Life Wellbeing Medical industry outraged over ‘truly terrible’ tobacco use study
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Medical industry outraged over ‘truly terrible’ tobacco use study

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Taxing tobacco products remains the most important factor in driving down smoking rates, researchers have reiterated after a controversial paper was released that suggested Australia’s plain packaging had done nothing to curb cigarette usage.

Medical researchers howled down the study, released by James Cook University, which compared Australian and New Zealand smoking rates between 2002 and 2017, specifically focusing on when plain packaging came into effect in Australia in 2012.

The study puts forward the premise that plain packaging had nil effect on smoking prevalence. Instead it resulted in smokers just buying cheaper brands, actually making them smoke more.

Industry analysts have called the paper everything from “flawed” to “truly terrible”.

Its fault, they say, lays in the fact they did not include tobacco tax hikes as part of their control variables.

Although Australia had no notable hikes between April 2010 and the end of 2013, New Zealand was rolling out a 10 per cent increase in January 2011.

(New Zealand implemented plain packaging in 2018, while Australia’s annual 12.5 per cent increases didn’t begin until 2017.)

It’s an omission that fatally undermines the validity of the study, Sydney School of Public Health Emeritus Professor Simon Chapman AO said.

Professor Chapman said that while tax increases remained the “single most important variable” in reducing smoking rates, one only had to look at the reaction of the tobacco industry to see how influential plain packaging was.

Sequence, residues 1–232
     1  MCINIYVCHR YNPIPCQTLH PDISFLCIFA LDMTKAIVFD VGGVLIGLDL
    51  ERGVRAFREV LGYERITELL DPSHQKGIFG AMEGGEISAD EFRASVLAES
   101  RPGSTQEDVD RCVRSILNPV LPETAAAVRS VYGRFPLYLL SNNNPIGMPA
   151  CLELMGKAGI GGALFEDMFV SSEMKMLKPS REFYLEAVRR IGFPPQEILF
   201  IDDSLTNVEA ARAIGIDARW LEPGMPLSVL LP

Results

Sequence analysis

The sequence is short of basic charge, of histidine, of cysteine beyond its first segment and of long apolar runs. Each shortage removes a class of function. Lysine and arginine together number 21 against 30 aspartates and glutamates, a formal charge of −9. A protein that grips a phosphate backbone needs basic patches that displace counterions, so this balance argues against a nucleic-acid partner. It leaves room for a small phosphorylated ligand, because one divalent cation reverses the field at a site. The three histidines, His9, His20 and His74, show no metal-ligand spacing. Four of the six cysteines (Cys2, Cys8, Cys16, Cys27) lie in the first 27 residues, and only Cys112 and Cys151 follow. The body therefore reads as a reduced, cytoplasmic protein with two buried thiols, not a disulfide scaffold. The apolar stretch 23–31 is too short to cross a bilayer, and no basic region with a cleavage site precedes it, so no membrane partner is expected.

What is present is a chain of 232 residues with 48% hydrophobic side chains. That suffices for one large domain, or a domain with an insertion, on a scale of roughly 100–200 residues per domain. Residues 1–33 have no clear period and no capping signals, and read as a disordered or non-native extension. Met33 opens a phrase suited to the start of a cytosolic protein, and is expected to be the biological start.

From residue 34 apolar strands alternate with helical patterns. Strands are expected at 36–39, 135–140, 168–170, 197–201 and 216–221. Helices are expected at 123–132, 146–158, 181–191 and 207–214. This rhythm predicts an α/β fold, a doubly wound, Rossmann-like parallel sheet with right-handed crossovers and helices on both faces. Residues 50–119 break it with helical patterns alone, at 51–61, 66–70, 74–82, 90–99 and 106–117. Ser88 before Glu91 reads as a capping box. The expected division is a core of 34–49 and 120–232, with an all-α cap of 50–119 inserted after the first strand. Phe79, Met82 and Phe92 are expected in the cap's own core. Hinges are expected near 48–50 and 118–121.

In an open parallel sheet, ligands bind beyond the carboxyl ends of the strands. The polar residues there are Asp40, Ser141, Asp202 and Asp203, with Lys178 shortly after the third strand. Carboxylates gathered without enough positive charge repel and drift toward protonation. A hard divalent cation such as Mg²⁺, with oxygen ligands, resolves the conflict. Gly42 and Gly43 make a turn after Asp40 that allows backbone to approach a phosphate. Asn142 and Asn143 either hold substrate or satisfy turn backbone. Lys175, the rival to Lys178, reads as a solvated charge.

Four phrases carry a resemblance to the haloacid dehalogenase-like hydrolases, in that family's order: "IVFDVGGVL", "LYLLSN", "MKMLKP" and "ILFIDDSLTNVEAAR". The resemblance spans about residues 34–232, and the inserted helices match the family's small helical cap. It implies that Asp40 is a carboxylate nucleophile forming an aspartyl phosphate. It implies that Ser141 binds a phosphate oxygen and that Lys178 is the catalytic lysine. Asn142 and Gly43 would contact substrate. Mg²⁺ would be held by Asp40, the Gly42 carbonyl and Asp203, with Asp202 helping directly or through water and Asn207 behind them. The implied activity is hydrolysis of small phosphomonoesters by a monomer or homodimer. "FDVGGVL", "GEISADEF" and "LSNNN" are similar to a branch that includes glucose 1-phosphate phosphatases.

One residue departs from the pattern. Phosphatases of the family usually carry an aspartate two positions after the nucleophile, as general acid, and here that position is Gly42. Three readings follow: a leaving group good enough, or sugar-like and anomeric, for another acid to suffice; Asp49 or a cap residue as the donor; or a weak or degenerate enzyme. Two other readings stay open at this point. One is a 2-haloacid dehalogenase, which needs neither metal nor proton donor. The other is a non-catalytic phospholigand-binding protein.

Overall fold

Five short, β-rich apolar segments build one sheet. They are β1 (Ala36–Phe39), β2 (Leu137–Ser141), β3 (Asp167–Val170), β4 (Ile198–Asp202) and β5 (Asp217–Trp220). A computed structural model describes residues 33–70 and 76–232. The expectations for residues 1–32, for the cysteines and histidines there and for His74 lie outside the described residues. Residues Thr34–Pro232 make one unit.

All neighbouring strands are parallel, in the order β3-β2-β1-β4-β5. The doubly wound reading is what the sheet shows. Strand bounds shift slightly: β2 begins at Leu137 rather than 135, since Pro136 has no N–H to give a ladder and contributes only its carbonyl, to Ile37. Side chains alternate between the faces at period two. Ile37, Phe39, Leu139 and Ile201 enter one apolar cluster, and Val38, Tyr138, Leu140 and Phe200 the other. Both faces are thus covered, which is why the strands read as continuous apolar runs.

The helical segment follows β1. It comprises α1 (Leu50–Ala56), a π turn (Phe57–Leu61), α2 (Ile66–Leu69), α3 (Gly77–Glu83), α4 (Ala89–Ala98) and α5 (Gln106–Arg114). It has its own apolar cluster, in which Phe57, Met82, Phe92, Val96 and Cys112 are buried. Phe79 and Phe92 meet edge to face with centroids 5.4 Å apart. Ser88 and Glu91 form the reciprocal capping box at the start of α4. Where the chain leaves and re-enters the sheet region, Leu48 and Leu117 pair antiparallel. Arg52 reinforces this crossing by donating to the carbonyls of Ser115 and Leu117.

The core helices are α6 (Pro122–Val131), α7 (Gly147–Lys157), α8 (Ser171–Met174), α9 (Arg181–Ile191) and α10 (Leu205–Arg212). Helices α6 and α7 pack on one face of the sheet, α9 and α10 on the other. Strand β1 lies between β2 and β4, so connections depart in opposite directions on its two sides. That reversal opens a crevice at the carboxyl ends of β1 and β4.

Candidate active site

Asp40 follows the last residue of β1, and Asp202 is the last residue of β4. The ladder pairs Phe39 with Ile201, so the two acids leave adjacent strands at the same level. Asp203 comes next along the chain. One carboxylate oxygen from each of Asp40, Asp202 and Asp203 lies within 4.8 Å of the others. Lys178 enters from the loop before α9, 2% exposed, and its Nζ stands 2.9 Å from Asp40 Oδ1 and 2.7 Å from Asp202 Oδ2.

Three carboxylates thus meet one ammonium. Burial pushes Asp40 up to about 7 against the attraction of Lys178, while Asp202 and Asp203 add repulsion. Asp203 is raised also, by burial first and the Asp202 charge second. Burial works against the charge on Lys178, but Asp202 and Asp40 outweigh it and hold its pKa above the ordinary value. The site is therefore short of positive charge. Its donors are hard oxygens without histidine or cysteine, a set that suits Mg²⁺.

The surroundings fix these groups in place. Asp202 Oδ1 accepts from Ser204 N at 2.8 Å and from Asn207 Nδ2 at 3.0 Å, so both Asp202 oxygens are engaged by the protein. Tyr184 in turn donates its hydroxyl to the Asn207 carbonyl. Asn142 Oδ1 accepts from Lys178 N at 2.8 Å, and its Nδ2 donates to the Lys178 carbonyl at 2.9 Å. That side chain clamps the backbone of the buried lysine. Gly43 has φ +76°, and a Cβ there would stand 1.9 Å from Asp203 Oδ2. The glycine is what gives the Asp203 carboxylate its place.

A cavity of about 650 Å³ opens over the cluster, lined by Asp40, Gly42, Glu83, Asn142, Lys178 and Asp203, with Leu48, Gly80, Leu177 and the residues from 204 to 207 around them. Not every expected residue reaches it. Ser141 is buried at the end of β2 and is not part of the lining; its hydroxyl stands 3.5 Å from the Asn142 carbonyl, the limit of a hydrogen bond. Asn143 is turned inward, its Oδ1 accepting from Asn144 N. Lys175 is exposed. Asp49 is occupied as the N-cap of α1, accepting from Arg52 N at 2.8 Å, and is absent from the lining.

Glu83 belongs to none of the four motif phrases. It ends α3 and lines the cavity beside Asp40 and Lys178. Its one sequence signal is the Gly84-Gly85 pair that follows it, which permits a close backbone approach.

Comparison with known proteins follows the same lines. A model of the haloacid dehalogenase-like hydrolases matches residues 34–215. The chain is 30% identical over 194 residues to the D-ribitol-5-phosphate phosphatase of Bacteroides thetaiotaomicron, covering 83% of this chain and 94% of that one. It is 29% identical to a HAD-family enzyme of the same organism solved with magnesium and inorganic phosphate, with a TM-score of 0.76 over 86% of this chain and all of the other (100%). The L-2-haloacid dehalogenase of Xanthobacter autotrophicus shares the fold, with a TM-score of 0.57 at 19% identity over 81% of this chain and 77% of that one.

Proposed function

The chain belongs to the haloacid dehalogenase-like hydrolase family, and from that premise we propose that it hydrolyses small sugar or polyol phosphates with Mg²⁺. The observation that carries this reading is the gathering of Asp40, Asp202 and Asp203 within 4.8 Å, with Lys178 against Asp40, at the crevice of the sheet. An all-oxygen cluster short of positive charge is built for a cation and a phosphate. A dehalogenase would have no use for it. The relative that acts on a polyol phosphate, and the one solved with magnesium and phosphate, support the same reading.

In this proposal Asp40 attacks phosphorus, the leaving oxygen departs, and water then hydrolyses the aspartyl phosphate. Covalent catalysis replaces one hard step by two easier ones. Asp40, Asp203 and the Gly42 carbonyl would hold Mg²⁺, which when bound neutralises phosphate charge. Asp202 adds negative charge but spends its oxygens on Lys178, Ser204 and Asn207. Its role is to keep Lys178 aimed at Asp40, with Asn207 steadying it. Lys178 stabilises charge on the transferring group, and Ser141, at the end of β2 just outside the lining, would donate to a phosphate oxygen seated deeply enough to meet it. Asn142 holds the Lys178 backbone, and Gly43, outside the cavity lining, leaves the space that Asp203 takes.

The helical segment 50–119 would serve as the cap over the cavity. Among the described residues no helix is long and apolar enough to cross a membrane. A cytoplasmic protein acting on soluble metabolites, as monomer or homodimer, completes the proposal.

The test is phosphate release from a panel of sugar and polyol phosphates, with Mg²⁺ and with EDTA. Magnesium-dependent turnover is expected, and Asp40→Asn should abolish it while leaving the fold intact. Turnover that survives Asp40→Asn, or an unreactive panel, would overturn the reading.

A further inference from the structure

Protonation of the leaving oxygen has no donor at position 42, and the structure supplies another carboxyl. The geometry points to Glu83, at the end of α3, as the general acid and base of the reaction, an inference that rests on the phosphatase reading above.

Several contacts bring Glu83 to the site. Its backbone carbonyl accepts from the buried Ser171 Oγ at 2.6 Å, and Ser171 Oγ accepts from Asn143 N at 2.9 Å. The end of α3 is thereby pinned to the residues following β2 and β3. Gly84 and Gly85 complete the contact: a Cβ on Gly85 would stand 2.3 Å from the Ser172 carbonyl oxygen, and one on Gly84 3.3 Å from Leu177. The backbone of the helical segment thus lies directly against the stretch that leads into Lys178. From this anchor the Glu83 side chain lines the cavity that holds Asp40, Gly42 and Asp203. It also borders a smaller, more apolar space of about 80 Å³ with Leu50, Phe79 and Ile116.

“The intensity of [the tobacco industry’s] global lobbying against plain packaging was unprecedented: It fears plain packaging like no other policy,” Professor Chapman said.

Melbourne Centre for Behaviour Change deputy director Ron Borland said the study showed flaws in the process of curating the findings.

“This is truly a terrible paper. It is very high on equations and technical terms, but is based on weak data and assumptions that are manifestly inappropriate,” Professor Borland said.

Although he did concede: “The impact of smoking among a population who continue to smoke in the face of strong public education was always going to be small, and they do point out that some of the previous evaluations of plain packaging have likely overestimated effects through lack of appropriate controls (inevitable for this kind of research).”

Good results, but still some way to go

Australia’s current national smoking rate sits at 16 per cent for men and 12 per cent for women, with daily smoking at an all-time low of 11.15 per cent for Aussies aged 14 and over.

However it still costs the country some $137 billion a year, and tobacco use accounts for 10 per cent of the annual disease burden.

What hasn’t helped, experts say, is a government drop in spending on anti-smoking material.

Campaigns from the Australian, New South Wales and Victorian governments dropped from $36 million in 2010-11 to $7.1 million in 2017-18, a special report published this month says.

Tax increases and “hard-hitting” education campaigns were identified as the most effective in encouraging individuals to quit smoking.

Authors Paul Grogan (Cancer Council) and Professor Emily Banks (Australian National University’s National Centre for Epidemiology and Population Health, the Sax Institute) said that despite the known effectiveness of public campaigns, Australia’s government funding remained well below international benchmarks.

What’s needed to bring our numbers down further, they wrote, was a collaborative effort.

“Australia’s comprehensive, whole-of-government response to COVID-19 shows that our governments and other institutions can come together decisively to deal with a threat to public health,” they wrote.

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